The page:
Dry: Again used often in connection with the Martini, where it means less Vermouth is added (so the final drink is less sweet). Can also be used as a way to order a drink with less of any sugary additive.
Shooter vs. Shot: A shot is just a small pour of a straight spirit. A shooter is a mixed drink, spirit plus any other flavorings, served in a shot glass.
Chaser vs. Back: A “back” is something you drink alongside your straight spirit, e.g. soda or water. A “chaser” is something slightly more palatable meant to follow a shot of straight hooch.
And Just Because They’re Confusing — Whiskey Terms
Malt Whiskey: Whiskey that is made entirely from malted barley, with no other added grains.
Grain Whisky: Whiskey made from a proportion of other grains (e.g. corn, rye) in addition to (or instead of) malted barley.
Corn Whiskey: A whiskey made from a mash containing 80% minimum corn.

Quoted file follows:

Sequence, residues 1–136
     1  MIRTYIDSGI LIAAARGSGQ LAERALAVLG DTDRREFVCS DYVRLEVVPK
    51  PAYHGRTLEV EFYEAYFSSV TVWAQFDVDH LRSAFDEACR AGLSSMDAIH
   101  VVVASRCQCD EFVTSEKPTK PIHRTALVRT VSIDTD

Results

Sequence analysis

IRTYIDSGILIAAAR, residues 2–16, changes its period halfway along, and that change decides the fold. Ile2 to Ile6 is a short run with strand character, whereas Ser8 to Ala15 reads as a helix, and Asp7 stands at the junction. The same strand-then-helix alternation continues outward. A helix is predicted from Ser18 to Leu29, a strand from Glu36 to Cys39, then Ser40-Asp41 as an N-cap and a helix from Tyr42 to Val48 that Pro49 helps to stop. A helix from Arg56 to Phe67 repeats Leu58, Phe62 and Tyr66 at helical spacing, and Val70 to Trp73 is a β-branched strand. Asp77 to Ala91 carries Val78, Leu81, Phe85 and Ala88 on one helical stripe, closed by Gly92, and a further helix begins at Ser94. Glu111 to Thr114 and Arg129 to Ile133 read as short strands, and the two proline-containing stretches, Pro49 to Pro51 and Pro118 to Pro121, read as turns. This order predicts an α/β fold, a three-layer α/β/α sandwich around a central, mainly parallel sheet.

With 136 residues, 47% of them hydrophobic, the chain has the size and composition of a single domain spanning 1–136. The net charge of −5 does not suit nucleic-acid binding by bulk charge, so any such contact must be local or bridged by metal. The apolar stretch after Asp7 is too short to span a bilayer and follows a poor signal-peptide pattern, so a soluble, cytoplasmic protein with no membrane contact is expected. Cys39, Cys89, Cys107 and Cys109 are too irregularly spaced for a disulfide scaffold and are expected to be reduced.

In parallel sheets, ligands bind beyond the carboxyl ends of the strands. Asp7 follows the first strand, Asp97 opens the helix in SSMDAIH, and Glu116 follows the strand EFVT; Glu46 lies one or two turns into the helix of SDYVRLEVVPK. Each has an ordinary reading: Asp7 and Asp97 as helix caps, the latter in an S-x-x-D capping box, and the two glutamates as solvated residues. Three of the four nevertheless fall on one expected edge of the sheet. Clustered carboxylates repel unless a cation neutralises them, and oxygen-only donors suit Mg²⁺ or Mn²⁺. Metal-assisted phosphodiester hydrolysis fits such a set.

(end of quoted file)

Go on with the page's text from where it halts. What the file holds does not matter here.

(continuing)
Blended Whiskey: Malt whiskey combined with grain whiskey, with a legal minimum of 40% malt whiskey.
Single Malt Scotch Whisky: Refers to a Malt Whiskey that’s made by one distillery.
Single Grain Scotch Whisky: Refers to a Grain Whiskey that’s made by one distillery (the “single” in both cases refers to the distillery).
Single Cask/Single Barrel Whiskey: A whiskey that’s bottled from the product of one cask or barrel, that is, with no blending between barrels, meaning inconsistencies will be more noticeable (and often more prized).
Tennessee Whiskey: An “almost” bourbon—technically, but not spiritually, a bourbon—made almost entirely the way Bourbon is made except the final product is filtered through maple charcoal (known as the Lincoln County Process), which has the effect of further “smoothing” out the whiskey and, supposedly, influencing the flavor of the finished product.
Bourbon: A 51% corn-based whiskey that’s distilled to no more than 80% ABV and aged in new, charred white oak barrels at no higher than 62.5% ABV
Peated: A term you might see on a Scotch whisky bottle, indicating the malted barley has been dried over a peat fire and the finished product will have a distinctive smokiness.